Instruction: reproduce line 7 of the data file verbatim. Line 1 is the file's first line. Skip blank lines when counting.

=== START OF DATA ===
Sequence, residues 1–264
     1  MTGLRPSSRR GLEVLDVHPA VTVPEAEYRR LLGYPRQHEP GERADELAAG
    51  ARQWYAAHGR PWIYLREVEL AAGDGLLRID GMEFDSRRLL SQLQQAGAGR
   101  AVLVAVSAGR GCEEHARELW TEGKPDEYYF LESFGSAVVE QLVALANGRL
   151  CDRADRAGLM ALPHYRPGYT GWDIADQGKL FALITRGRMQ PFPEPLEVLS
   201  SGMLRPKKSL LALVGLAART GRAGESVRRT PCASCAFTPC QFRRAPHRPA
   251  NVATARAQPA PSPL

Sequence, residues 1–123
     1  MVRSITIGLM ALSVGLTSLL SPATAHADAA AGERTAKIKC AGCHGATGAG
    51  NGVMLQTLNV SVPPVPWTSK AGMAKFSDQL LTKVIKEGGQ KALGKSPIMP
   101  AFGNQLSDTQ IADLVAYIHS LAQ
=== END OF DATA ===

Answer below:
   251  NVATARAQPA PSPL